Neighbourhood watch: the original gateway to Abu Dhabi, Al Maqta is now a prime destination itself
Al Maqta is at the centre of two bridges connecting the emirate but is much more than just a place to pass through
Al Maqta has long been viewed as Abu Dhabi's gateway – a key driver for ambitious efforts to connect a rapidly developing emirate to the wider world.
Strategically positioned between the landmark Maqta Bridge – which opened in 1968 – and Mussafah Bridge, which was built a decade later, it could be all too easy to think of it as a place to pass through rather than a destination itself.
But Al Maqta has successfully bridged the gap between the emirates's past, the flourishing present and the promising future.
It is now home to a chain of glittering hotels, including the Shangri-La and Fairmont Bab Al Bahr, a variety of retail and leisure facilities, and a whole host government organisations while the Sheikh Zayed Grand Mosque provides an impressive backdrop.
It is a thriving hub of activity, not just a mere crossing point, a place to stay rather than see in a flash from your car window as you drive somewhere else.
Zabna Amer moved to the area with her family in 1998 and has witnessed firsthand two decades of remarkable development.
“When we moved, there weren’t that many services, and to do grocery shopping we had to go to Abu Dhabi downtown,” the employee relations manager, 34, says.
“Only tailors’ shops and cafeterias were there,” she said pointing to a line of tailors, cafeterias and small grocery shops that stretch across Al Maqta’s main street.
“There was also a clinic in a villa. We were well-acquainted with the doctors there, my mother used to send them iftar meals every Ramadan.”
The clinic was replaced a few year ago with Al Maqta Healthcare Center, another sign of the need to serve a growing community.
Ms Amer’s home is one of the earliest houses to be built in the area, and her family is steeped in Al Maqta's traditions.
Despite the rise of shiny new hotels, shopping avenues and business districts, there is still a vibrant sense of community here.
Ms Amer's mother, Museda Amer, said she made many friends at the mosque behind their house, where she learned the Quran.
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“We got to know the neighbours from the mosque,” the senior Amer, 69, says.
"When we first moved to the neighbourhood, I tried to introduce myself to the neighbours in vain; I knocked on their doors, nobody was home.”
However, once she started attending classes at the mosque, she befriended most of the women there. “We became friends and starting visiting each other’s homes and sending food to one another.”
“And Um Khamis, a neighbour, wakes me up every morning for fajer (dawn prayers).”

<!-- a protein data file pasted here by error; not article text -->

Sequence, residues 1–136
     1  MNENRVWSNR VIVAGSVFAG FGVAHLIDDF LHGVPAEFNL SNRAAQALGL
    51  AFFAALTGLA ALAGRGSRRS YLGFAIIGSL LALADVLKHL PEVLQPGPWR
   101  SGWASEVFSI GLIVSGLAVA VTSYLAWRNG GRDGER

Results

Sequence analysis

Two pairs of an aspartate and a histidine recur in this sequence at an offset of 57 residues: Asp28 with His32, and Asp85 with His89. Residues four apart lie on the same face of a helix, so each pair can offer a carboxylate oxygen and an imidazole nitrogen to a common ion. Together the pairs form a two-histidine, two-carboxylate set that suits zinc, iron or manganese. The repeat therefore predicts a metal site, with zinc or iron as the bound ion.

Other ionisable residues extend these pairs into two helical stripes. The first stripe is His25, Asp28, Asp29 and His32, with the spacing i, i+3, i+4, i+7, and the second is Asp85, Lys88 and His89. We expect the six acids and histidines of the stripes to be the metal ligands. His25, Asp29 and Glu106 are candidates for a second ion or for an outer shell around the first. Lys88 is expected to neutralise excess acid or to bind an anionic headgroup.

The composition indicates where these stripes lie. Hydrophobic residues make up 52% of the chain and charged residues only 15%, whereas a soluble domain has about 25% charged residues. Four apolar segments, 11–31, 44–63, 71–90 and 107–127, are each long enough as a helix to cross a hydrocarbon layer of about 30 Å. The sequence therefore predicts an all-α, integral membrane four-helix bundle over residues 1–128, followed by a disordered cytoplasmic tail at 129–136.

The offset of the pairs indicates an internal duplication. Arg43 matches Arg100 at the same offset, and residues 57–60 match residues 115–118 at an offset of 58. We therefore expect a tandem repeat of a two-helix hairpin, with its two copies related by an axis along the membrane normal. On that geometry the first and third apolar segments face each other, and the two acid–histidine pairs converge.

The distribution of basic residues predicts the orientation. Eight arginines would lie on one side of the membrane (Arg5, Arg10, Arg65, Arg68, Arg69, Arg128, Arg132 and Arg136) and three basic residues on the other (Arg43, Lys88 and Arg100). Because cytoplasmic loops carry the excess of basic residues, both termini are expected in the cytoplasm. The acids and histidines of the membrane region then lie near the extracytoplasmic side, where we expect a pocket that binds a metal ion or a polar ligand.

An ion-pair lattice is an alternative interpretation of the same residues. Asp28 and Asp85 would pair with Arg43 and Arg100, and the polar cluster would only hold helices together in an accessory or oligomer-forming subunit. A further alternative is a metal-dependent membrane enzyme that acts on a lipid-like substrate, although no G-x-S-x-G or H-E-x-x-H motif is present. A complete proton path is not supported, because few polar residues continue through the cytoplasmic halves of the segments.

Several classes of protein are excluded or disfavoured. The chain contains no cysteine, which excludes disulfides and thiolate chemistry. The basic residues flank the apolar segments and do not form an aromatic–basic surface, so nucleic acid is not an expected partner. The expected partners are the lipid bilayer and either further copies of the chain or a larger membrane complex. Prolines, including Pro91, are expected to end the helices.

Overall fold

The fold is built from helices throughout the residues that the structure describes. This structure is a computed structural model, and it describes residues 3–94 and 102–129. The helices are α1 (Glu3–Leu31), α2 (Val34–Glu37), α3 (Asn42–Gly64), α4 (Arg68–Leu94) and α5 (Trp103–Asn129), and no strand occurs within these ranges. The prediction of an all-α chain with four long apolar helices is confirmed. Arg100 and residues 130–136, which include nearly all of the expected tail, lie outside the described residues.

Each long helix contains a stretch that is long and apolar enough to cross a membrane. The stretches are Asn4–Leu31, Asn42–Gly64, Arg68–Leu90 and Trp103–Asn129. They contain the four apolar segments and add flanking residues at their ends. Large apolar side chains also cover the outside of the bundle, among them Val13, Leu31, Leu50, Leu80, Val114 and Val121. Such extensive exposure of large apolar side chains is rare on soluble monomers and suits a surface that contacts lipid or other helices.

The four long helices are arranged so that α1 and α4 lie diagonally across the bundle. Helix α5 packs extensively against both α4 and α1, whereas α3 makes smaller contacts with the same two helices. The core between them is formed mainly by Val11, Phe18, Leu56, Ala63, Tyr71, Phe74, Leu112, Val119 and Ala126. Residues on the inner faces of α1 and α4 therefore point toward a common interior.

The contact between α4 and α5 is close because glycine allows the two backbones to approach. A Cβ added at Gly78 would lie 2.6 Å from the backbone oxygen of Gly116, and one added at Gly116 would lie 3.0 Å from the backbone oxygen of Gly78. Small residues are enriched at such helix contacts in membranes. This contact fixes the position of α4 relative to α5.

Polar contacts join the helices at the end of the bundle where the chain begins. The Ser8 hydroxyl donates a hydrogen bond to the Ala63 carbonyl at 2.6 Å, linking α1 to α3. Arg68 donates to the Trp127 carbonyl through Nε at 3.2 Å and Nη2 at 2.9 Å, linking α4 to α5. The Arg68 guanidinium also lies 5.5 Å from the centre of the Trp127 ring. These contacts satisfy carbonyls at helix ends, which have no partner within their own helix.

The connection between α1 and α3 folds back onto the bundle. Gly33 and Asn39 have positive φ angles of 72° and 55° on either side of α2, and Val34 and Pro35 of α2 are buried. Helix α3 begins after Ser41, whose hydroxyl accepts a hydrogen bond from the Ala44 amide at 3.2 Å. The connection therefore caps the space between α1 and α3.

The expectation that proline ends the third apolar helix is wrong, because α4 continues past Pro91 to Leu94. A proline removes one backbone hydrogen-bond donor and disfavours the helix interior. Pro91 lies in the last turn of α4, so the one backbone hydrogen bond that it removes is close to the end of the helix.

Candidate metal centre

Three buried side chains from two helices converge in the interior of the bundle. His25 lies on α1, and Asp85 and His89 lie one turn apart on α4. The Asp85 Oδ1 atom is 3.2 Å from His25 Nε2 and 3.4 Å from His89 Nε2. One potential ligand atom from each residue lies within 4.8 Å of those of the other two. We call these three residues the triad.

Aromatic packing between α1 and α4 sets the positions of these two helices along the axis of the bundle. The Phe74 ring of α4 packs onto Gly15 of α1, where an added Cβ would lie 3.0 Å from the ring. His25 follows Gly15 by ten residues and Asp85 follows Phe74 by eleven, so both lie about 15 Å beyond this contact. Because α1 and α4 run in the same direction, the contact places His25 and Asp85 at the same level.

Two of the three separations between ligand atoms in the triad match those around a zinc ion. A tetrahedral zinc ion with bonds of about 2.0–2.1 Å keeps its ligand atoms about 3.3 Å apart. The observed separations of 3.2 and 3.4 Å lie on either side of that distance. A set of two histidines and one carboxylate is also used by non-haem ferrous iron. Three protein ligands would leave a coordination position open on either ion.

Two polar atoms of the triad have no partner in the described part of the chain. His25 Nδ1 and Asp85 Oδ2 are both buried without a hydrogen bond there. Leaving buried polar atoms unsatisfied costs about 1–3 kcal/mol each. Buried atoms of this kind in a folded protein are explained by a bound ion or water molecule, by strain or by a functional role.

Her son Naser, remembers a time when life was “more simple”.
“I was around 10 when we moved. I used to play football with the neighbours’ kids barefoot outside the house, and when we became teenagers we used to go to where the [Abu Dhabi] Co-op is now.
“There used to be a small arcade with just two or three games and a billiard table.
“Also where the family public park is now, there used to be a dark sandy area, I used to go there with the guys at night and start bonfires,” says Mr Naser, 33.
While he feels nostalgic for the neighbourhood’s early years, he says it has evolved for the better.
He now lives in his family home alongside with his wife and three children.
“Now when the children want to practice football they go to a proper field, and when the younger ones want to play we take them to Junior Gym,” he said, referring to a playing facility dedicated for children.
He said a number of his friends aimed to become athletes, but neglected their studies doing so, and ended up “getting lost”.
“Now there are proper clubs that teach young people to maintain a balance between hobbies and studies,” he said.
The neighbourhood’s public park includes a football field where many boys and young men come together in the spirit of fun and competition.
Mohammed Ismail, an 18-year-old pupil from Sudan, is one of the players regularly pitching up for action.
“I’ve been playing football since I was a child. We used to play outside, two streets away from here,” he says.
“But since the park re-opened three years ago and they added the field, we started playing matches here.”
“Having this field helped me develop my football skills.”
A few metres away from the field, children play on the slides and swings, groups of women sit on the grass for a picnic, while men cook up food on barbecues.
“I bring my daughters here on a weekly basis,” says Ashraf Moussa, while helping his three and two-year-old daughters on the swings.
“We live in Mussafah, so it is close by, and we like it here because they have good recreations and it is all families,” says the 34-year-old Jordanian engineer.
All roads lead to Al Maqta, and it is well worth stopping by.
Updated: January 2, 2019 07:36 PM